BROSSARD, Que. - When Bob Gainey finished his free-agent shopping on Canada Day, a common criticism of the Montreal Canadiens GM's moves was that a small team got even smaller.
There's still plenty of beef with hulking winger Guillaume Latendresse, enforcer Georges Laraque and towering defencemen Hal Gill, however. And Latendresse likes what he sees in camp.
"I was impressed with the players we got," Latendresse said Saturday as the Habs went through physicals a day before the first on-ice session of training camp.
"I can't wait to see the fans' reaction to those players, they're going to love the way these new guys play. They're smaller guys, but they have speed, they like to move the puck, they like to work hard. It's going to be different, but the fans will enjoy it."
With new acquisitions Scott Gomez, Mike Cammalleri and Brian Gionta, plus incumbents Tomas Plekanec and Andrei Kostitsyn, five of the Canadiens' projected top six forwards are six feet or under.
New head coach Jacques Martin has already said he would like to have a player with size fill the remaining spot on one of the top two lines, and the six-foot-two, 228-pound Latendresse would certainly fit the bill.
After three years of paying his dues in a supporting role, Latendresse is ready to seize that opportunity this season.
"If you look at the top six forwards they're all smaller players, so that could help a guy with my size," the 22-year-old said. "But it's up to me to have a strong camp and grab that spot."
The natural assumption is that Gomez and Gionta will play together considering they put up career years as linemates in New Jersey, and Martin sees a spot for big winger on the left side to compensate for their lack of size.
Latendresse could be competing for that spot with second-year forward Max Pacioretty, who at six foot two and 196 pounds also possesses a tantalizing combination of size and skill while holding an edge in the speed department over Latendresse.
Latendresse has also developed some nice chemistry with fellow Quebecer Maxim Lapierre in an energy line role, and he admits that could potentially hurt his chances for a top-six spot with the club. Newcomer Travis Moen would seemingly be a good fit to replace the departed Tom Kostopoulos on that line.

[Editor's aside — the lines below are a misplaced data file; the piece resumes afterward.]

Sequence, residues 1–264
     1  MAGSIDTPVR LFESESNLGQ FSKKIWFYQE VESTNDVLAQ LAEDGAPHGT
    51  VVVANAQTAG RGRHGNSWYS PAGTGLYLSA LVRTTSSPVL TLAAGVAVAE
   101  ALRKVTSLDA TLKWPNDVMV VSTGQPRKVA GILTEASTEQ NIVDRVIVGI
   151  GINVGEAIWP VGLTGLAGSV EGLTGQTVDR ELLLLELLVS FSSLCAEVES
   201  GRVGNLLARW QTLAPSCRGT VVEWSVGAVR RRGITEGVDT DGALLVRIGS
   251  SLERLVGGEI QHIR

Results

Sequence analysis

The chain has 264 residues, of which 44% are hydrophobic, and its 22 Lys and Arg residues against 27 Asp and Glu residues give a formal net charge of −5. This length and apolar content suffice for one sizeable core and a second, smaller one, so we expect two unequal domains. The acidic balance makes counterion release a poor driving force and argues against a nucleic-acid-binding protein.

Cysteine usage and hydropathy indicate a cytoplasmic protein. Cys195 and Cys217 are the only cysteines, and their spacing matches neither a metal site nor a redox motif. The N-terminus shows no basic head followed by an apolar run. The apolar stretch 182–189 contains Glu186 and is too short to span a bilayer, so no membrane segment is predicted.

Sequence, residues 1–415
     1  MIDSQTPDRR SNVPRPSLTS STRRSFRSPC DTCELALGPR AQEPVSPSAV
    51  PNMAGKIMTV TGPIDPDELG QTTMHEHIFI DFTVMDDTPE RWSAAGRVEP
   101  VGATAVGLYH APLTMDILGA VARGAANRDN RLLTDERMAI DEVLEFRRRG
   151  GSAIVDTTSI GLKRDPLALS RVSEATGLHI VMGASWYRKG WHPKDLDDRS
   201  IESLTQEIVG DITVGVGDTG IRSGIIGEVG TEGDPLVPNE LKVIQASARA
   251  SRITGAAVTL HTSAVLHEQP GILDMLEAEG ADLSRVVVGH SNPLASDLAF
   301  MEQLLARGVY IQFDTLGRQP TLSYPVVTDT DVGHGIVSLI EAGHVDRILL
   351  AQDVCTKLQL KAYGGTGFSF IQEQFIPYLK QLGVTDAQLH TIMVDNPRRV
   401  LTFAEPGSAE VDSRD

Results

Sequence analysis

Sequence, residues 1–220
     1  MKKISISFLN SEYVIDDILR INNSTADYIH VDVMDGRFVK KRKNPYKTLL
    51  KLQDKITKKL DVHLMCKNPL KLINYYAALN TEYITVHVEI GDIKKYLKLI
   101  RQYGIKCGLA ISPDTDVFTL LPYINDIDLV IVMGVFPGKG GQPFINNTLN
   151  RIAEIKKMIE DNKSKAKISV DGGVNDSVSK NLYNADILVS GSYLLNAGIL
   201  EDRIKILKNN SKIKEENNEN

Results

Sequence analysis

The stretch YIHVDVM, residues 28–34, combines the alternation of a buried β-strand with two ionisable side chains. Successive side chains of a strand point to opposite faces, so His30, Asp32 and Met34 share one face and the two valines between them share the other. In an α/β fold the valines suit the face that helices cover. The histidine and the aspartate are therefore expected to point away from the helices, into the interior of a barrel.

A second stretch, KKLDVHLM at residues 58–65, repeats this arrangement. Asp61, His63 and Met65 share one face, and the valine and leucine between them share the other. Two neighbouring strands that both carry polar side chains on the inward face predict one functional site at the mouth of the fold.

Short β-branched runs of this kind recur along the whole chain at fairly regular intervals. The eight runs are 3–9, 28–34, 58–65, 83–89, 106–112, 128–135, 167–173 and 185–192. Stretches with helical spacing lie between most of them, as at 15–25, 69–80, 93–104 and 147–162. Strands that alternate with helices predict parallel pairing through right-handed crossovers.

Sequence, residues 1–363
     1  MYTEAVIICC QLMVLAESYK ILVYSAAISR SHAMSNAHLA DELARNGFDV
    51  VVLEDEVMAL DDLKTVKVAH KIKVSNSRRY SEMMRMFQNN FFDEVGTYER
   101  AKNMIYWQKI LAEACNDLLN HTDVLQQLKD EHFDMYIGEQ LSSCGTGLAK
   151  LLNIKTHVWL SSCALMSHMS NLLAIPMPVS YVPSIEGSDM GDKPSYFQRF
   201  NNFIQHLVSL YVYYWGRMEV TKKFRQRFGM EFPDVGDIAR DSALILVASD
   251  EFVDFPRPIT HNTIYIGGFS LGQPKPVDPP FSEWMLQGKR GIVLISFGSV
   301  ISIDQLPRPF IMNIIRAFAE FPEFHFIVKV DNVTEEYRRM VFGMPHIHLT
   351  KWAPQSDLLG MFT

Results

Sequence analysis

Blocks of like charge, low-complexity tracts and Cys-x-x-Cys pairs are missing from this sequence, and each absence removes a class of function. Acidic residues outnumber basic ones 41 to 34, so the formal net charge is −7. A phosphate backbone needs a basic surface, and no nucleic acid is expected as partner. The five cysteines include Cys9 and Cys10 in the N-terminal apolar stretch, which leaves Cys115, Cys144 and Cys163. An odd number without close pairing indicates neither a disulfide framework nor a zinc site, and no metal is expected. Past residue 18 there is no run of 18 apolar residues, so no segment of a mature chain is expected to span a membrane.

In addition to Latendresse, the Habs should be able to add some muscle to the lineup with a healthier, lighter version of Laraque, who reported Saturday that the back issues that limited him to 33 games last year were a thing of the past.
A summer of daily yoga sessions and a switch to a vegan diet helped him shed 20 pounds to get down to 245, which he feels will help his back remain pain-free throughout the season.
"My role for the last 12 years has always been the same, to be a physical player and do everything I can to make sure my team is respected," Laraque said. "Being healthy and being able to play every game will have a big impact on the team because it will give our guys more room every game, not just the games where I'm healthy."
On defence, the departure of Mike Komisarek to the Toronto Maple Leafs was also decried in Montreal as the Canadiens blue-line lost its most physically intimidating presence.
While returning defenceman Josh Gorges admits Komisarek was a big loss, he doesn't agree that it has made the Habs smaller.
"He was physical, he laid big hits and he got guys going," Gorges said. "But I don't think we got smaller. Look at Hal Gill, I don't think he's smaller."
Indeed, Gill more than makes up for Komisarek's departed size with his six-foot-seven, 250-pound frame, and the free agent acquisition has every intention of using that to his advantage.
"I like to think that my role is to be big in front of the net and to give Carey (Price) a view of the puck, and if he can't see it I have to block it for him," Gill said. "But I think we're going to have to be strong defensively as a team, and if you look at the smaller guys we have at forward, having played against them they were all responsible defensively."
In addition to his size, Gill's experience winning the Stanley Cup with the Pittsburgh Penguins last year and reaching the final the year before is something he intends to share with some of his younger teammates this season.
Gill's 44 games of playoff experience the last two years is one fewer playoff game the Canadiens have played this entire decade.
"I'll try and be strong and steady on the ice and in the locker-room," Gill said. "I've been around a little bit and seen some things, so hopefully I can help out some of the younger guys who haven't been there yet."